The Somers Point school board is bound to look very different come January as five new candidates will likely take the oath of office.

Although the results have not been released, the five vacant seats open on the Board of Education will be filled exclusively with write-in candidates as no one filed to run in the general election.

Last month, five women launched a write-in campaign to take those seats.

“We would like to thank our community for coming out to vote,” said write-in candidate Heather Samuelson. “While we wait for the votes to be tallied and certified, it is our hope that no matter who wins, our schools continue to make positive growth.”

Samuelson’s write-in running mates were Sarah Platt, Courtney Laut, Darwisa Strabuk and Jenna DeCicco. As of Tuesday night, after all of the day-of votes were cast, there were 755 write-in votes for the three open seats on the school board and 530 write-in votes for the two unexpired seats.

While the New Jersey School Boards Association reported this week that the rate of candidacy is up slightly statewide for boards of education, locally there were still few contested races and Somers Point was not the only town to lack candidates for open seats.

However, there were some highly contested races, like Egg Harbor Township, which had three candidates for every seat. In an upset, voters cast out incumbent Jack Haines from the local school board and voted back in Barbara Szilagyi, who lost her seat last year.

Board President Pete Castellano will keep his seat, and newcomer Kristy Bird was also voted in, unofficial results show.

In addition, the seat vacated this summer by Michelle CarneyRay-Yoder when she took a new job as superintendent in Somers Point was too close to call, although unofficial results had Michael Price up by 131 votes with 362 write-in ballots.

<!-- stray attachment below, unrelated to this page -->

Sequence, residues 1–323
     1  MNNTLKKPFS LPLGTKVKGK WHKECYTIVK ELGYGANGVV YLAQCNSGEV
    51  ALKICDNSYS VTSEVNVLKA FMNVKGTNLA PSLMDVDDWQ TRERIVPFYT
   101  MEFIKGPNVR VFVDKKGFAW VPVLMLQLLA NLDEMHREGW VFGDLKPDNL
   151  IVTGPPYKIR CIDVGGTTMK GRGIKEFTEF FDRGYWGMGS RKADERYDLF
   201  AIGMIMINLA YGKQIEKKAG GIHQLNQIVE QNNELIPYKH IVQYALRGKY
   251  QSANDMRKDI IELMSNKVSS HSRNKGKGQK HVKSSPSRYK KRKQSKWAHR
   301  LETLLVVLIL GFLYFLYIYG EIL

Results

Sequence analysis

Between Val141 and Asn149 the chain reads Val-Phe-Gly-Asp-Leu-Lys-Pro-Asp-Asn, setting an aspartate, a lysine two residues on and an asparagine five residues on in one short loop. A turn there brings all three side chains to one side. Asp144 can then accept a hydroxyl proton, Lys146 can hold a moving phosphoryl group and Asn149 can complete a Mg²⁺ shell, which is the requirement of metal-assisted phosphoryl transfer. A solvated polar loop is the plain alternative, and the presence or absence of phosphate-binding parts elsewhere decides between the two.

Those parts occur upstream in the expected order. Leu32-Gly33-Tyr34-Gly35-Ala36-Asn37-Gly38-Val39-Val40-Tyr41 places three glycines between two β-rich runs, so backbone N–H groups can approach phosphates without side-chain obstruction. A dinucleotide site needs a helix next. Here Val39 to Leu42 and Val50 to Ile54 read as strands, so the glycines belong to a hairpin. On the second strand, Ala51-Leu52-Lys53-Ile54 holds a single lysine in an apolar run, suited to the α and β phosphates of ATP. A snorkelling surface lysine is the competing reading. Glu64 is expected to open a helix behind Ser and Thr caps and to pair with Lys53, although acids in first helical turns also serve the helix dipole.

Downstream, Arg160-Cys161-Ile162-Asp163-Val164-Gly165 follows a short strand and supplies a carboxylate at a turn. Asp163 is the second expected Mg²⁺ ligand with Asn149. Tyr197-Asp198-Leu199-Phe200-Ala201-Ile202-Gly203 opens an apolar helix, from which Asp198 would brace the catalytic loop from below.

Atlantic City, Vineland and Millville all had several candidates run for their three open seats each.

In Vineland, Board President Jeffrey Bordley was defeated, unofficial results show, while Inez Acosta and Chris Jennings retained their seats. Former board member Scott English was the second-highest vote-getter after Acosta and will return to the school board.

There were 1,566 open school board seats statewide. According to the NJSBA, 529 New Jersey school districts had November elections, including every district in The Press coverage area.

Locally, there were no ballot proposals related to the school districts.

The statewide ballot question asked voters to decide to bond $500 million for county vocational schools, school water infrastructure projects and county college projects. According to The Associated Press, the referendum passed at 52 percent of votes in favor. 

Contact: 609-272-7251 CLowe@pressofac.com Twitter @clairelowe

I began covering South Jersey in 2008 after graduating from Rowan University with a degree in journalism. I joined The Press in 2015. In 2013, I was awarded a NJPA award for feature writing as a reporter for The Current of Hamilton Township.

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